Ram

Ram, or to give him his full name Ramanujam Navalpakkam Rangaswamy had already started at the bank when I arrived. He was a thin, quiet, courteous and deliriously polite man whose sole task was to analyse the Indian stock market for me. He had been given an office with no windows, no pictures and a small salary compared to European colleagues.

I liked him. Each morning on his walk to work, we all drove of course; he would buy a white cheese sandwich and a small bottle of juice for about 50p. All morning he would read the Indian papers, his eyes sleepy and his hand barely moving as he made notes and recommendations. Lunch time came and the sandwich was consumed, again with the speed of a tapir licking up ants. The door closed and he drifted off to sleep, head on the desk for a snooze.

I soon discovered that others took advantage of the 2 hour lunch break, with one girl clerk who had kept a duvet under her desk, and so she curled up on the floor. Not a bad idea as it would have been impossible in the traffic to make it to home and back.

Ram then woke, refreshed, took a short walk to the bathroom and continued his routine till five when he strode to the lift. In his earlier life in Bombay he was a manager of a small bank and ‘pooney people’ as he described them would have been employed just to hold the lift doors for him and usher other lower class types out of the way. I am sure they were of a low caste, and no doubt kept their eyes on the ground as he swept past, papers in hand, bulging cheap briefcase promoting his manager status.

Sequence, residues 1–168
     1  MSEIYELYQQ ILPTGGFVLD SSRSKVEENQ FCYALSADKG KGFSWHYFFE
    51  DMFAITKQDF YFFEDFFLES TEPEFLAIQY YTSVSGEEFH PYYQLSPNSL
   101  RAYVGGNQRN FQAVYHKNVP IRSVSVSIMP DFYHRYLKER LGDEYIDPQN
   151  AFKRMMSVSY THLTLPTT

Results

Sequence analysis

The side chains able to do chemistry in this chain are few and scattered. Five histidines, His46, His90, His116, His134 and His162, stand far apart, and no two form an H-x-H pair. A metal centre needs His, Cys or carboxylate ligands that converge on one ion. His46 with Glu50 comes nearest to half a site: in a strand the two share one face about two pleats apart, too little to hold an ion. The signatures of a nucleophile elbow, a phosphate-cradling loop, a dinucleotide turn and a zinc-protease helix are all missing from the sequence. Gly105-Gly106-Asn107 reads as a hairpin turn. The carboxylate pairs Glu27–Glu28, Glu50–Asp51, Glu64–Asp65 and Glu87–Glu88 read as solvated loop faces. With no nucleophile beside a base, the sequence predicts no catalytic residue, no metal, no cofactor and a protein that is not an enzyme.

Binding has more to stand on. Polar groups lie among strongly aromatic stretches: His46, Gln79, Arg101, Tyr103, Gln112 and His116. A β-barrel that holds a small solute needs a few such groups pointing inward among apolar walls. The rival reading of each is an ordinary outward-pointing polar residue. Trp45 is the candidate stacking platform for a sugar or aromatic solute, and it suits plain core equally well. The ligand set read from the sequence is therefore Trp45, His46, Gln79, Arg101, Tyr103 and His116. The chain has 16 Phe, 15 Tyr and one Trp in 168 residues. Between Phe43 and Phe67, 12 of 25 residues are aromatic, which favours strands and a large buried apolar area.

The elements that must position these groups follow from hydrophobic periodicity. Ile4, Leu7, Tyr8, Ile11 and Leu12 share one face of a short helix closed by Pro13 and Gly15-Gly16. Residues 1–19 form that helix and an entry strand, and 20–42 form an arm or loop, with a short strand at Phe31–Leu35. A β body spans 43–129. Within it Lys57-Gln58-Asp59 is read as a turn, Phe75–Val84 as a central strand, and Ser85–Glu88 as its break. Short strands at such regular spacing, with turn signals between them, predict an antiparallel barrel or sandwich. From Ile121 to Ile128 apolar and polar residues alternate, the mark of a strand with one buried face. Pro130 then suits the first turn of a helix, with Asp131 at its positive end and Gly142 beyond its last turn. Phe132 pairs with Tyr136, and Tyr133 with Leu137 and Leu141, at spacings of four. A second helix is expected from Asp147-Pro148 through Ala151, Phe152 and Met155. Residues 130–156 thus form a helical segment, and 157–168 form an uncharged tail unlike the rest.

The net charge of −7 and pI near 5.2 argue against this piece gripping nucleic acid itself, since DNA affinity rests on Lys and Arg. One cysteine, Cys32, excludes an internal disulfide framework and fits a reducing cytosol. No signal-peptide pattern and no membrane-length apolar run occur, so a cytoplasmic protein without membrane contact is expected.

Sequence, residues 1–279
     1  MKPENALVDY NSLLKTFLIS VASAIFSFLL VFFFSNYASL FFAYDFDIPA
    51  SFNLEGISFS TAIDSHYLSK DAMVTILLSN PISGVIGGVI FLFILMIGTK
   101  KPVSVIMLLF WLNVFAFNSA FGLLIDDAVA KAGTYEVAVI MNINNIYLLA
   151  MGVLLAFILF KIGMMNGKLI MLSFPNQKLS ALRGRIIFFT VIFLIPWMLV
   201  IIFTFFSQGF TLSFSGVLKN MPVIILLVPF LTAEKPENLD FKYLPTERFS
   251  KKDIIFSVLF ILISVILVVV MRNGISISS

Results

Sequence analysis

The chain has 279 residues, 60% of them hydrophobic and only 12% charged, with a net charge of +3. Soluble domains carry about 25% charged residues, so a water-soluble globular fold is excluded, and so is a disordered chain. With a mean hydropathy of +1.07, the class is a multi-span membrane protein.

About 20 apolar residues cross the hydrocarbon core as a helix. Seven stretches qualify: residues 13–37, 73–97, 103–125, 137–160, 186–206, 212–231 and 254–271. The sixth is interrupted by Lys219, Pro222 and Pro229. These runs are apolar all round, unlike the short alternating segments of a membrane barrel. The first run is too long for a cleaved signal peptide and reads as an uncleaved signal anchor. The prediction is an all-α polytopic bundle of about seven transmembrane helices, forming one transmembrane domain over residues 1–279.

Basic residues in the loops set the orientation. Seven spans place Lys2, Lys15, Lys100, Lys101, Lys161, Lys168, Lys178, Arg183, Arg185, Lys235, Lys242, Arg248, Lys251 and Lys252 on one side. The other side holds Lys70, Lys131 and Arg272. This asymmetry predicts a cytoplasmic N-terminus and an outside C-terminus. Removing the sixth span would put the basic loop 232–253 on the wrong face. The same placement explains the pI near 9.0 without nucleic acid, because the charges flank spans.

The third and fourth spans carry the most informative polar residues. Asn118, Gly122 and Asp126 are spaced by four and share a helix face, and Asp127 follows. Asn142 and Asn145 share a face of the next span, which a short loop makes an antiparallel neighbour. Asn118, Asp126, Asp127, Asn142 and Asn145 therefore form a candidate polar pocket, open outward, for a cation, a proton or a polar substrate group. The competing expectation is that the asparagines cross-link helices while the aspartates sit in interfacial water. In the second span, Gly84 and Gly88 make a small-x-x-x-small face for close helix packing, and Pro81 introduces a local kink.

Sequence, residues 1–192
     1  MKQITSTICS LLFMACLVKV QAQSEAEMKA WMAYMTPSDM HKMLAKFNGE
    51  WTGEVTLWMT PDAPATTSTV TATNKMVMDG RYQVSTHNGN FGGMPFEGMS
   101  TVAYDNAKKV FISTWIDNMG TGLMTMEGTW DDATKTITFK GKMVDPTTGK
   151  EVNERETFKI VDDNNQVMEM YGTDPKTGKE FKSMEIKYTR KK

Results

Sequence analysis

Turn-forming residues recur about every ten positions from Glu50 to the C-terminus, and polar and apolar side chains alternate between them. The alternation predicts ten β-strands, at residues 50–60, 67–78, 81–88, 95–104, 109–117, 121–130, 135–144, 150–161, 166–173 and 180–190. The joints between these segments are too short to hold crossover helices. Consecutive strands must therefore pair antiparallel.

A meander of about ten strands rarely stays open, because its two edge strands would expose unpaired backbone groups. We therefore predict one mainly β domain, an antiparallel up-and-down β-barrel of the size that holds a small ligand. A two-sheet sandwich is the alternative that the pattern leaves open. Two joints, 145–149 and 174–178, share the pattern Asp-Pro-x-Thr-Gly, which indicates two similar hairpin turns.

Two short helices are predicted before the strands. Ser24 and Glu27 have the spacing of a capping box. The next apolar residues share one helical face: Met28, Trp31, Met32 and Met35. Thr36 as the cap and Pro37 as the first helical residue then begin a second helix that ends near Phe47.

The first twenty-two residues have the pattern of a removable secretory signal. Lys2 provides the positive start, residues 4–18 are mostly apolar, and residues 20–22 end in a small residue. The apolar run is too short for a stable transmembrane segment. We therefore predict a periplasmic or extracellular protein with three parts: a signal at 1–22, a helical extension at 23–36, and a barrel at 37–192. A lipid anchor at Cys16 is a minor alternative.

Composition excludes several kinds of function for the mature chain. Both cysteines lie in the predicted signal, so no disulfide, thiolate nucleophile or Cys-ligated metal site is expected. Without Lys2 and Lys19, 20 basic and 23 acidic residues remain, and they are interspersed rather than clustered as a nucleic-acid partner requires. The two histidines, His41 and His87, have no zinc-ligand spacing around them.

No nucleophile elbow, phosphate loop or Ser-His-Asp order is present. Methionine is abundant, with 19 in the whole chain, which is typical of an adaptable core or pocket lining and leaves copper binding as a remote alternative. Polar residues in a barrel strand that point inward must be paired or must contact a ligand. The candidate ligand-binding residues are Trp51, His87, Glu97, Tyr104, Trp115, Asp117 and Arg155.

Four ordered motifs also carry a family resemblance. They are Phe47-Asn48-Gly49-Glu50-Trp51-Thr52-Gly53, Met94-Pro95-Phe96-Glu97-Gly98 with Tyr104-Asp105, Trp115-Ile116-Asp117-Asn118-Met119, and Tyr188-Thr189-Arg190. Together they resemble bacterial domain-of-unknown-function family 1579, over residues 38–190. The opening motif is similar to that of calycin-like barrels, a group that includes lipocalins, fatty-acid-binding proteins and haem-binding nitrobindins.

However his stock picks were always well researched and to my regret we did not act on many. It later transpired that his friends in India did, as did Ram, and he accumulated his wealth at our expense!

I spent many happy hours with him talking about the India he knew. He was a direct descendant of the famous Navalpakkam who was a mathematician and long since deceased Sanskrit scholar. This religion and faith required rigorous self discipline, learning and prayer. The bank missed this about Ram and so he carried on this lifestyle, away from the bank in his provided accommodation, a lifestyle to which we were ignorant.

One evening I asked myself to his flat and he agreed, we had much to talk about. I was fascinated about this gentle and quiet man who reported to me and so I duly arrived at the Golden Sands complex. This was a huge block of flats housing mainly Indians and some Europeans who wanted to save money with a cheaper flat. The halls were marble of course with echoes of scampering children in trainee turbans and colourful dresses filling the void and in front of each door were the shoes of the inhabitants and the Tiffin boxes ready for collection the next morning. I knocked on the door and waited.

After a while and some shuffling noises, the door opened to reveal Ram dressed in a ragged towel. His hair had been greased back and on his forehead in white paste were Sanskrit symbols. To me they resembled small snakes, writhing and joining at the tails.

His entrance hall was empty, no pictures and he showed me the flat. As a manager at the bank, his entitlement was a three bed roomed place with access to the pool and all the amenities that the Sands offered. There was a large lounge and indeed, three bedrooms and a kitchen. Again the rooms were bare except for a large TV, tuned to his Indian news and cricket channel, one sofa and a bedroom that had a mattress on the floor. In boxes and yet to be unpacked was a complete and frankly garish dinner service that would have served eighteen.